Next, make sure you come to the lessons with an accurate assessment of your own abilities. That will help the instructors recommend the best gear and correct class for you.

    “Be honest with your information when asked, beginning with the rental department,” said Trespasz. “Safety comes with honest answers about height, weight, shoe size, and personal athletic ability. This is how ski length is determined. Skis that are too long are difficult to maneuver. Skis that are too short feel squirrelly underfoot. Plus, bindings are set to release based on weight and ability.

    “Classes are organized around past athletic experience and lateral skills to create cohesive classes with students who move or learn at a similar pace,” he said. “Lower your expectations. You’re safer on the flattest terrain available moving at a speed you can control.”

    The next question to consider is whether you prefer a group or private lesson.

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    “I personally don’t have a preference,” said Byrne. “However, sometimes a customer is better suited for one rather than the other.”

    For example, group lessons might appeal to visual learners.

    “A group lesson will give the customer a chance to watch others attempting the same task,” said Byrne. “Some of us learn better from watching than listening. A group lesson also is a bit more social. Group lessons don’t put you on the spot, and many beginners like that.”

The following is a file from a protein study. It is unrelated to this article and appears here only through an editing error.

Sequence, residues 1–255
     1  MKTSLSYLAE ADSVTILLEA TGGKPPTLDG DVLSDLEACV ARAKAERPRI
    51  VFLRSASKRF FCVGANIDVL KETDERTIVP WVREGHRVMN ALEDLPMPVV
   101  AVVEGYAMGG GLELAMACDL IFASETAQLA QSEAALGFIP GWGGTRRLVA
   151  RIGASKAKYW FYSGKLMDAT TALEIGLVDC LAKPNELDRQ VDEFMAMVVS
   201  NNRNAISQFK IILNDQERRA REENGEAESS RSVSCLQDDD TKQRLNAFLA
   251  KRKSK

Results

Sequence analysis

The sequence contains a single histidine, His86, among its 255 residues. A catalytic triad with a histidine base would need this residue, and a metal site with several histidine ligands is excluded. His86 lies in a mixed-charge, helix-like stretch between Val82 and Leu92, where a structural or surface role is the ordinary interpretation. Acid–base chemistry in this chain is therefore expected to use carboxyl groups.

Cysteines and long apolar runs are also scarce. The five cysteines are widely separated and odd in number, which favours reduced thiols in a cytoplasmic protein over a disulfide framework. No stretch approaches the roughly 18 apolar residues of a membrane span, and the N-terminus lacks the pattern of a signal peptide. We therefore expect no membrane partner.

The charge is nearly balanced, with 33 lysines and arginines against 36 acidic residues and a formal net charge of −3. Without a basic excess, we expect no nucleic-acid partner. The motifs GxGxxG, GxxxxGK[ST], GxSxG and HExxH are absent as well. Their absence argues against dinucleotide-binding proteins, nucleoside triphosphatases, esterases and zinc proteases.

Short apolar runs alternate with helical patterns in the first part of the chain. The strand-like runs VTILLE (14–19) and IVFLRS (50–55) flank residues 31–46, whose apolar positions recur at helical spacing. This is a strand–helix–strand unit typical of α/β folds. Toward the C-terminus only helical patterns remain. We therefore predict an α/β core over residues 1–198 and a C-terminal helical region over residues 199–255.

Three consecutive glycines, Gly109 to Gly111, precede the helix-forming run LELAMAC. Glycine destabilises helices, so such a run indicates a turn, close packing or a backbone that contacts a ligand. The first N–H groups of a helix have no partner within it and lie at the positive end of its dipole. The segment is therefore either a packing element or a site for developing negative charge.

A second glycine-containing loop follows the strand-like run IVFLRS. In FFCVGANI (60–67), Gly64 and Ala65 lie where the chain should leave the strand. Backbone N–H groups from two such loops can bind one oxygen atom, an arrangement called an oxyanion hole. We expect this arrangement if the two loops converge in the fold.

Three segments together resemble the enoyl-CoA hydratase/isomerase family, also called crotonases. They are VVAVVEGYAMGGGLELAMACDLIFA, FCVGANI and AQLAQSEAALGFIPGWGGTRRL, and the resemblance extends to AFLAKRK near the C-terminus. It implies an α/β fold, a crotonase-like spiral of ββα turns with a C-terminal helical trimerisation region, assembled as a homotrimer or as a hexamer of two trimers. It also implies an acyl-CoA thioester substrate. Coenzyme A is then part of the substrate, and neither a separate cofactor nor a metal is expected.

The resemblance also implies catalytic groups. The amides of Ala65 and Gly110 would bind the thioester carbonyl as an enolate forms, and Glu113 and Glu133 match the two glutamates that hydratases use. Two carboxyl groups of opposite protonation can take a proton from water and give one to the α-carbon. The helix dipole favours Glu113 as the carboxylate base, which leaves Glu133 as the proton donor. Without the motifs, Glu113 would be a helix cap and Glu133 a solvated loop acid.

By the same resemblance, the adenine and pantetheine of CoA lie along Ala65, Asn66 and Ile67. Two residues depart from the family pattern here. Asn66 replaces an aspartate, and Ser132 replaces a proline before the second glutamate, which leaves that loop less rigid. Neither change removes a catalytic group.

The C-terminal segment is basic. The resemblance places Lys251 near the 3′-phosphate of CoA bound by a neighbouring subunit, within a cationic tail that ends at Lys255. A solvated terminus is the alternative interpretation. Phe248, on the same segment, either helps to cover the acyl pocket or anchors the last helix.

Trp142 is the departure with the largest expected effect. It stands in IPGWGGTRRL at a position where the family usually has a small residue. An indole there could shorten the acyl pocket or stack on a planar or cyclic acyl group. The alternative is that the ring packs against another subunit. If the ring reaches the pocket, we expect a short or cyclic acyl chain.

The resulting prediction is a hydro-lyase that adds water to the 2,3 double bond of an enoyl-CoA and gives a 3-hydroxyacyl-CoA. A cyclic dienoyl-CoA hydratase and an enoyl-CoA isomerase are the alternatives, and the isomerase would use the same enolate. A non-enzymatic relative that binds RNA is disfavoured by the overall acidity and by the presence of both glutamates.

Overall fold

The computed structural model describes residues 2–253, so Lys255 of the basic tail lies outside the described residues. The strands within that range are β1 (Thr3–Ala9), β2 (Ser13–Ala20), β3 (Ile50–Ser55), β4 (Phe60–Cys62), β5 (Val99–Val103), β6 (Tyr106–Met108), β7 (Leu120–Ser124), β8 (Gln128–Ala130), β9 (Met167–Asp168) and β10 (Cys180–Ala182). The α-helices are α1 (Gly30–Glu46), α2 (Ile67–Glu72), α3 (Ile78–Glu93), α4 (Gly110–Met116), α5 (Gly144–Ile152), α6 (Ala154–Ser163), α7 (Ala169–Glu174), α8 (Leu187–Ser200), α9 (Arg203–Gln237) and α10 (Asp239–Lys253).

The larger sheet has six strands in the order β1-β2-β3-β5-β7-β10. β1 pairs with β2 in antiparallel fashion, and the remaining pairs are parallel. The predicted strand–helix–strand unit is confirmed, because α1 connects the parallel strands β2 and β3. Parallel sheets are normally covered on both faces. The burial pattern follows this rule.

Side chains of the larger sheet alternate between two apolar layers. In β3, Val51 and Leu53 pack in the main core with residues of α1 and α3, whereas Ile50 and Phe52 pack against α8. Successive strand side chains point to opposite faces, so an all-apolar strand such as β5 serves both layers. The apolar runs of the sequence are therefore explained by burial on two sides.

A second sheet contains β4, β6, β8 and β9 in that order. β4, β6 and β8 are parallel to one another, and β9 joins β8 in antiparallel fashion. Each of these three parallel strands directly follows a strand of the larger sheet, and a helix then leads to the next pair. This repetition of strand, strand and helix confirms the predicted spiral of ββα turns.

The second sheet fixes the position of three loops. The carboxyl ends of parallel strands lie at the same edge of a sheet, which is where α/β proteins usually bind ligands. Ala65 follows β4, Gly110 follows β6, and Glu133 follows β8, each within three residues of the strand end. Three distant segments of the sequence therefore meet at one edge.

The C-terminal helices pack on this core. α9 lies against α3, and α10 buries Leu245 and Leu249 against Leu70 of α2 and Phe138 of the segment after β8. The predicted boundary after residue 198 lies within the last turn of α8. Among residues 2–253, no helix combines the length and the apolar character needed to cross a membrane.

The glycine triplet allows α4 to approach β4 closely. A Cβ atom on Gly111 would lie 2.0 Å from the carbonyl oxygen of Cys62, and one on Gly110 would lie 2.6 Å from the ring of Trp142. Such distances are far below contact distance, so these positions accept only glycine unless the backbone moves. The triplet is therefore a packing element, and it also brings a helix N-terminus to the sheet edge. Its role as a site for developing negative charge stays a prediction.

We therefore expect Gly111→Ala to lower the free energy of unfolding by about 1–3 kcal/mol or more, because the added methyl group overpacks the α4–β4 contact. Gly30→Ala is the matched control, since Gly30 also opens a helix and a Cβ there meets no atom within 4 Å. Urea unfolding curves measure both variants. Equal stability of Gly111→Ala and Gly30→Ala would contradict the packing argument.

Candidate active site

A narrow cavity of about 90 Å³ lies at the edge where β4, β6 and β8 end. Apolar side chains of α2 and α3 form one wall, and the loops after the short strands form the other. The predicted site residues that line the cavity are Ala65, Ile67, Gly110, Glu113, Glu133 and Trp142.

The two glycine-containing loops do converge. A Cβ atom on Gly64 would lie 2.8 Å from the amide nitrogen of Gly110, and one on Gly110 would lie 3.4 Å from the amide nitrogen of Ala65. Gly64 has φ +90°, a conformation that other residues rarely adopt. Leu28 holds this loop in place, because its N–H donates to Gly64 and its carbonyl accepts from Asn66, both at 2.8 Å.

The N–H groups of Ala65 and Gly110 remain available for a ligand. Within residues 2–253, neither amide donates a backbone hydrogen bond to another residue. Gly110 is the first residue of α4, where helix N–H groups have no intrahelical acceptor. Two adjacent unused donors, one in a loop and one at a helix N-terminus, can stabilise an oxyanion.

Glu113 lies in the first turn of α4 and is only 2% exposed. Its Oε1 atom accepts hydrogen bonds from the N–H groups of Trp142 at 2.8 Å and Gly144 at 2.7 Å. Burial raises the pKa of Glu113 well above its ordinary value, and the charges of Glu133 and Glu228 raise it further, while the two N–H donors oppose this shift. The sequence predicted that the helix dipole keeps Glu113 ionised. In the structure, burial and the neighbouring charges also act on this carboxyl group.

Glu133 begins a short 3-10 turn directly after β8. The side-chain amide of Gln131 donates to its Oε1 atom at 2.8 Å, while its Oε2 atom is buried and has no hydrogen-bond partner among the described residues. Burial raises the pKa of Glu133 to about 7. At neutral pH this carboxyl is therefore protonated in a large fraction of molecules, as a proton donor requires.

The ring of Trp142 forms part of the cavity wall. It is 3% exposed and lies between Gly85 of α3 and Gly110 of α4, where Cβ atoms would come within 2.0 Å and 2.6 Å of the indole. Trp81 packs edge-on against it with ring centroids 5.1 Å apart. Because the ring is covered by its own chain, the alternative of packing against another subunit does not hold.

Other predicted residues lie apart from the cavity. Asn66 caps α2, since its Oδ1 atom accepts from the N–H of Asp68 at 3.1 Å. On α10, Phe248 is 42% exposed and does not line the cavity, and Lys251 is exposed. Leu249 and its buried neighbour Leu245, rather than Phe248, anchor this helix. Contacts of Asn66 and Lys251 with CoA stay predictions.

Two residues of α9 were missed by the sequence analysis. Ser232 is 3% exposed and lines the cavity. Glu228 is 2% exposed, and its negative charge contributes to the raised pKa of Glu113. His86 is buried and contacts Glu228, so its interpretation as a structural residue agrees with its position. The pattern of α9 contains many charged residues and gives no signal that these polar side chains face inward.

A private lesson “would be better suited for the customer looking for that personal attention,” she said. “They might have more specific goals that require the full attention of the instructor.”

    Lessons also include the newest equipment and newest techniques. That can be particularly helpful to someone returning to the slopes after an extended hiatus.

    “Instruction on skiing or snowboarding evolves just as much as the equipment has progressed over the years,” said Michael Privitera, director of snowsports at Ski Bradford. “Up-to-date instruction on either sport is key to progression. Our instructors train with the most up-to-date teaching methods from our training staff and are knowledgeable in different approaches for different individual students.”

    Finally, take your newfound skills and apply them on the hill. Repeatedly.

    “Beyond the first lesson, think mileage,” said Trespasz. “Mileage is the combination of time and practice on easy terrain. Take your next lesson when you feel a plateau develop and when you feel you’re ready for the next pitch or increased speed.”

    Alex Cole/Nashoba Valley Ski Area
    Steve Bowman does some one-one-one coaching with a young skier at Nashoba Valley.

    For details on individual ski schools, including the wide variety (and price range) of private and group lessons, contact the ski areas. If you have an idea for the Globe’s “On the Move” column, contact correspondent Brion O’Connor at brionoc@verizon.net. Please allow several weeks advance notice.